various popular songs that expressed confidence and fun with their lyrics. The predominately female cast performed exceptionally well; Dessingue deliberately chose a variety of cute, feisty moves that reflected the dancer’s skills and femininity in a way that was not risqué or cliché. The one male dancer, Giovani Dulcio, played really well opposite the female cast, and enhanced the overall “girl power” theme. Danielle Sansoucy choreographed a traditional belly dancing routine that was sensual but never crossed the line into being raunchy. Her dancers moved gracefully about the stage and transported the audience into a magical and exotic world. Following this, Deanna Boucher’s mime-inspired dance combined elements of creepy makeup and quirky expressions into an overall beautifully rendered lyrical piece. Olivia Bailey and Gabriel Levy featured a taste of the islands at the start of the second act with a “Caribbean Rave,” highlighting a selection of various highenergy soca reggae songs. The cast was constantly performing difficult, spirited moves but never once ceased on bringing the energy. Their determination to provide an excellently

invigorating and unique take on island culture, and brought a sense of warmth to the winter chill of the Berkshires. Alexa Hebard choreographed an innovative lyrical piece to “Titanium” by Madilyn Bailey that expressed overcoming struggles and hardships in order to become stronger. Her dancers were clad in very minimalist costumes–only leggings and a grey t-shirt–but this is by no means a draw back, as it made the audience focus strictly on the dancing without being distracted. It is imminent that Hebard really knows how to organize dances that highlight certain individual’s skills, but also put an emphasis on group effort and creating imagery with bodily expression. Hannah Ewing’s lyrical dance was very similar in that she also expresses a great deal of knowledge pertaining to organizing choreography, but took on themes of social awareness regarding various forms of abuse, suicide, and self-harm prevention and support. Her take on the traditional lyrical form was bold, but very effective, as the song’s lyrics adequately matched the themes she was trying to convey and her story was expressed in an accessible, but still creative, manner.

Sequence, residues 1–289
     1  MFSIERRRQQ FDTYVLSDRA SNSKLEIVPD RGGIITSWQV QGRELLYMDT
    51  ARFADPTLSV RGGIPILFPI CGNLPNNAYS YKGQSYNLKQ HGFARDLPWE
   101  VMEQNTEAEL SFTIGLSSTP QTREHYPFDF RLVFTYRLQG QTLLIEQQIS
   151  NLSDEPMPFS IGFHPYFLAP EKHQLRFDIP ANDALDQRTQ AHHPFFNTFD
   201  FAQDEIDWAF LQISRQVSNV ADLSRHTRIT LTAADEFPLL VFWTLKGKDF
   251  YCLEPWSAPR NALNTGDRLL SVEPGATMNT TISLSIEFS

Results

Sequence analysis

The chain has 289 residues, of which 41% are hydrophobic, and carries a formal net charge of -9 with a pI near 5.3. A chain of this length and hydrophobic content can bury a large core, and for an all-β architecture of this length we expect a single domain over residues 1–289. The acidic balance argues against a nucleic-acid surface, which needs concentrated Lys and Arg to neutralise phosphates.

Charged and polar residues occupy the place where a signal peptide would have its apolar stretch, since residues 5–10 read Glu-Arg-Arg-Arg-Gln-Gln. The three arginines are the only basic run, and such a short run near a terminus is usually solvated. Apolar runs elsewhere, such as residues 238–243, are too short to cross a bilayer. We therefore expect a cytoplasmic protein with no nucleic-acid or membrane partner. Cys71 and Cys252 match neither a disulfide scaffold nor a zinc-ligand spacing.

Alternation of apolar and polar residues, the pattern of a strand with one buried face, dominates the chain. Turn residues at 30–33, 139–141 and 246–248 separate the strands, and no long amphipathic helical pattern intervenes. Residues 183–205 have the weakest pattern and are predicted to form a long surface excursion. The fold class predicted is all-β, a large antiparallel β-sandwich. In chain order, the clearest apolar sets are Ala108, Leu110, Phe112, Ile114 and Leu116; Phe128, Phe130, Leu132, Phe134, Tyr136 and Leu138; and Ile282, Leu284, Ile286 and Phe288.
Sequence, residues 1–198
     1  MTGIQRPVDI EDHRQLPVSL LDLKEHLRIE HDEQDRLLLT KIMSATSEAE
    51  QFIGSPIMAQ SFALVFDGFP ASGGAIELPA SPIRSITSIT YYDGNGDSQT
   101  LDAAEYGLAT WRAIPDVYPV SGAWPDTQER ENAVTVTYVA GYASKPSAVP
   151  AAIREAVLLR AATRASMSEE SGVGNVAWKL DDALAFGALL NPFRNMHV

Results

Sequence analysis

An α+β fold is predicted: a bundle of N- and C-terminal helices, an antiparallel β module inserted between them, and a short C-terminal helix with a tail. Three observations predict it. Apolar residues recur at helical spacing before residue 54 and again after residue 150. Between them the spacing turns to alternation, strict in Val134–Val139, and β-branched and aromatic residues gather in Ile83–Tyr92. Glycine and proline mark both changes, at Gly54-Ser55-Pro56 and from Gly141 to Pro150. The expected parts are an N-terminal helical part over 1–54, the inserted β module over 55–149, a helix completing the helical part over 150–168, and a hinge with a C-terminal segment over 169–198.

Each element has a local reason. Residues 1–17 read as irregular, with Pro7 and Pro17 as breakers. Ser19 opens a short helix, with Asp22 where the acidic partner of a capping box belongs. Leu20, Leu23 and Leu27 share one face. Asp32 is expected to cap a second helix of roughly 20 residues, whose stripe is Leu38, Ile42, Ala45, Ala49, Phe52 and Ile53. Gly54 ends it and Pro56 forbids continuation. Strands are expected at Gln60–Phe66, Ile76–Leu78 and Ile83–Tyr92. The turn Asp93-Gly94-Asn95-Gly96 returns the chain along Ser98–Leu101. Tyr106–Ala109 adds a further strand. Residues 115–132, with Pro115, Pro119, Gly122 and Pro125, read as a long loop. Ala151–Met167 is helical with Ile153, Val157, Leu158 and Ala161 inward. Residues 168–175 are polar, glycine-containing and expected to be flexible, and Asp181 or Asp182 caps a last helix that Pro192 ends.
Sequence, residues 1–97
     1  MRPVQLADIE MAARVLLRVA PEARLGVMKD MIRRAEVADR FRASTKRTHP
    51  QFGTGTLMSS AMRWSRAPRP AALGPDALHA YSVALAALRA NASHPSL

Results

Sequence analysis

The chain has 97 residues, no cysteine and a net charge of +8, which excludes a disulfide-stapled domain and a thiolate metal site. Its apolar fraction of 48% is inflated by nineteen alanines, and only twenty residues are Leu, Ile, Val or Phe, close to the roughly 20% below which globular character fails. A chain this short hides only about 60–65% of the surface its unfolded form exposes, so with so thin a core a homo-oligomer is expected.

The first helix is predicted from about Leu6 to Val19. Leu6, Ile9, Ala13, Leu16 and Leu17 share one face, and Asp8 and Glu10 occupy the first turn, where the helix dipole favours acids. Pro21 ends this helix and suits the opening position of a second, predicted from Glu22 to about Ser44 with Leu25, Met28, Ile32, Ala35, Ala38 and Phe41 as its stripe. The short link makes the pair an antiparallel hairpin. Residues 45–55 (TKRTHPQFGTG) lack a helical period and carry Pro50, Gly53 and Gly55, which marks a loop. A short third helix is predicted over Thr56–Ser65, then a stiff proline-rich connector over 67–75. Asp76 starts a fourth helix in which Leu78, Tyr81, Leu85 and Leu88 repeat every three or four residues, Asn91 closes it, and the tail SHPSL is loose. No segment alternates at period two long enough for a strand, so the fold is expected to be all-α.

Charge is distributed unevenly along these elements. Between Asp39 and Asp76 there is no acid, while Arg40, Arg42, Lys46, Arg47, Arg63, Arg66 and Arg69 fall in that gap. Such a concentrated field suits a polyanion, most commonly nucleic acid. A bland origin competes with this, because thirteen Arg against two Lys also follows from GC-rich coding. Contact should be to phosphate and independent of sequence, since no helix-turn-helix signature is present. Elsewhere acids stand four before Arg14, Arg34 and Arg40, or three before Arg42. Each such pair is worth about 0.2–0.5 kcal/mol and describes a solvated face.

Photo by Emily Boughton/Beacon Staff

Dance Co. concludes a succesful show during the curtain call. Throughout my time viewing Dance Company’s performances, I have yet to see one that is lacking in enthusiasm, skill, or passion. My only complaint was that the audience became almost too rowdy at times, and I constantly worried that dancers were going to get distracted or thrown off by the borderline excessive cheering. However, all of the dancers remained composed and extremely professional throughout the duration of the performance,